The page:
I have run across situations where an individual had to file taxes for past years, but does not have access to their 1099, W2, or 1098-e, among other forms that will affect their filing.
When putting this question into Google, the results ignore the harsh reality of the small business landscape. The instructions repeat the same useless refrain: contact your old employer and request the W2. Contact your old employer and request the 1099. Contact your old loan service company and request your various 1098 series forms.
However, any one person that has ever been in this situation has found the same thing to happen. Here are some replies:
- No reply at all from the employer
- The old employer says “get a hold of ADP, who processes our payroll.” However, no replies are received from ADP.
- The company has simply gone out of business. This is the most common issue – since most business is small business (and many are sole props), these types of firms go out of business, therefore leaving an individual nowhere to turn to obtain their old W2s or 1099.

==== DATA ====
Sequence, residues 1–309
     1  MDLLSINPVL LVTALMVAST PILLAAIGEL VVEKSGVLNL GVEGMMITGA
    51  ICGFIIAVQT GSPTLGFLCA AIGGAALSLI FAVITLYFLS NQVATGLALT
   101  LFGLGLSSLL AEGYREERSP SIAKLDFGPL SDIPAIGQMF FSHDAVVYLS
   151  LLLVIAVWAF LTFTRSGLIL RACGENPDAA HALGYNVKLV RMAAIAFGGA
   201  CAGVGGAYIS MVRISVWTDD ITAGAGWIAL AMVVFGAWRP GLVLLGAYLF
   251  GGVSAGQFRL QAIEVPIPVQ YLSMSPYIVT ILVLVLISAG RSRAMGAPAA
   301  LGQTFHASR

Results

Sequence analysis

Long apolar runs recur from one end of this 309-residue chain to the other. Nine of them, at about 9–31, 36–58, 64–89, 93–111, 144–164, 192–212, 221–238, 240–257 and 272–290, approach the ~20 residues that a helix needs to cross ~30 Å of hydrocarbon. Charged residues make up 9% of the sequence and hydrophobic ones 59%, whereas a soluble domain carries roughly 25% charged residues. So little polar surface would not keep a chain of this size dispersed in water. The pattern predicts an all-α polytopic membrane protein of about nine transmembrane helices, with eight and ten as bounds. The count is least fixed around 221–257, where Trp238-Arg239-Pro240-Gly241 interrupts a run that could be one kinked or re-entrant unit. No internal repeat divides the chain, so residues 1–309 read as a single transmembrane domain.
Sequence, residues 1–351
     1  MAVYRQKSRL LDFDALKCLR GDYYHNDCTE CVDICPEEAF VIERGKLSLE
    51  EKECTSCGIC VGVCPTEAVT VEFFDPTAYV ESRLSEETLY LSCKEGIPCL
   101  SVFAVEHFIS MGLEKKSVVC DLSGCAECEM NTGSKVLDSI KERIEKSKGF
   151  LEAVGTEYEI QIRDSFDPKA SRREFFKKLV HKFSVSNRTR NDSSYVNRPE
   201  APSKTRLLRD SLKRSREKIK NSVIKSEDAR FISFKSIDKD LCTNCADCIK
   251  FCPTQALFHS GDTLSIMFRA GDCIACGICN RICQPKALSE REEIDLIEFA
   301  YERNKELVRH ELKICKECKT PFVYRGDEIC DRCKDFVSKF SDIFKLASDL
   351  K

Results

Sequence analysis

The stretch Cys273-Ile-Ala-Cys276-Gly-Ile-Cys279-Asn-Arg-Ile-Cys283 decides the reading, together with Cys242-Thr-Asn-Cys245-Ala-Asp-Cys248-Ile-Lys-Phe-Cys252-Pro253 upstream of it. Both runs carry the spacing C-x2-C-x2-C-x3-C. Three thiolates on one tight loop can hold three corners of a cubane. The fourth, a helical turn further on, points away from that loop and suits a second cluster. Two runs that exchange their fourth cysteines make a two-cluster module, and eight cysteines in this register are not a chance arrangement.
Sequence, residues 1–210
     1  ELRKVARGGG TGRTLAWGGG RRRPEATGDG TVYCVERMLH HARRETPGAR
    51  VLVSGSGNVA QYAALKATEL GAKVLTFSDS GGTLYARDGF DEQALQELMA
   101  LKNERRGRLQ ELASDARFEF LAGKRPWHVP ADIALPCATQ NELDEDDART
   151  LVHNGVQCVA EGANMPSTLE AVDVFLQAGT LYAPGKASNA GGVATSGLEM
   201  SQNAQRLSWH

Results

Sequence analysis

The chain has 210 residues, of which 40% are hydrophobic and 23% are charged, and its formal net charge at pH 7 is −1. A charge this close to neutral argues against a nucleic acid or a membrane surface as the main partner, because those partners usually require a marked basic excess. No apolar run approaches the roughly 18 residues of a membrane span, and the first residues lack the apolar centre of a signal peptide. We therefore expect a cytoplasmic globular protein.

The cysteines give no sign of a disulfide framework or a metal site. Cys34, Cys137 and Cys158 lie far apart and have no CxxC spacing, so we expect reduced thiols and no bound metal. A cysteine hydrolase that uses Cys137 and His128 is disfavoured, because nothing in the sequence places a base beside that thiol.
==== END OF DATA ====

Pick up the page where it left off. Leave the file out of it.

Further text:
- For loan servicers, if the person is in default, the debt may have been transferred to a debt collector, leaving nobody to ask for 1098 series documents.
- Many HR departments simply do not have the capacity or the willingness to dig up W2s for employees, and many employers have their payroll outsourced. Also, changing payroll providers happens frequently, so if you lose your W2, there may be nowhere to obtain it from.
In the United States, small businesses make up 99.7% of jobs, and with the dynamic nature of small business, these situations outlined above tend to happen.
So, what is the solution?
Fill out form 4506-T, check the box to the bottom right, and mail to the IRS. You will get all of this information – maybe not the exact form, but the most pertinent information you need to get caught up with your Federal returns. The information will arrive in the mail within 10 days, free of charge. It is as simple as that.
George Dimov specializes in filing missed tax returns – feel free to reach out and I will guide you through the process. Or, follow the instructions above and file with your local CPA or using the forms by hand.
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